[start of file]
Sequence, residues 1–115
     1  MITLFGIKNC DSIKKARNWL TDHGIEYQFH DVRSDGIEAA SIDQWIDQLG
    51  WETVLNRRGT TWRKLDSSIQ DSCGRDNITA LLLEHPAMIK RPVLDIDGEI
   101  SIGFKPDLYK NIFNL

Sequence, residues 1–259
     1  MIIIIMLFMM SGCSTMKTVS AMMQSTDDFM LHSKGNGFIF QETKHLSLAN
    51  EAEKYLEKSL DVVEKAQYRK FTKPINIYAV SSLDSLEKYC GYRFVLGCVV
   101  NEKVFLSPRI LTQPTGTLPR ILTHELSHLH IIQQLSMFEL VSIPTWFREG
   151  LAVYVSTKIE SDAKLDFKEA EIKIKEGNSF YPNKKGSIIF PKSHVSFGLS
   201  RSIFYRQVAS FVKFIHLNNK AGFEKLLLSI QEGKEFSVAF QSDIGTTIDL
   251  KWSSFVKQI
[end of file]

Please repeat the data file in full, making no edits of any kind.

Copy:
Sequence, residues 1–115
     1  MITLFGIKNC DSIKKARNWL TDHGIEYQFH DVRSDGIEAA SIDQWIDQLG
    51  WETVLNRRGT TWRKLDSSIQ DSCGRDNITA LLLEHPAMIK RPVLDIDGEI
   101  SIGFKPDLYK NIFNL

Sequence, residues 1–259
     1  MIIIIMLFMM SGCSTMKTVS AMMQSTDDFM LHSKGNGFIF QETKHLSLAN
    51  EAEKYLEKSL DVVEKAQYRK FTKPINIYAV SSLDSLEKYC GYRFVLGCVV
   101  NEKVFLSPRI LTQPTGTLPR ILTHELSHLH IIQQLSMFEL VSIPTWFREG
   151  LAVYVSTKIE SDAKLDFKEA EIKIKEGNSF YPNKKGSIIF PKSHVSFGLS
   201  RSIFYRQVAS FVKFIHLNNK AGFEKLLLSI QEGKEFSVAF QSDIGTTIDL
   251  KWSSFVKQI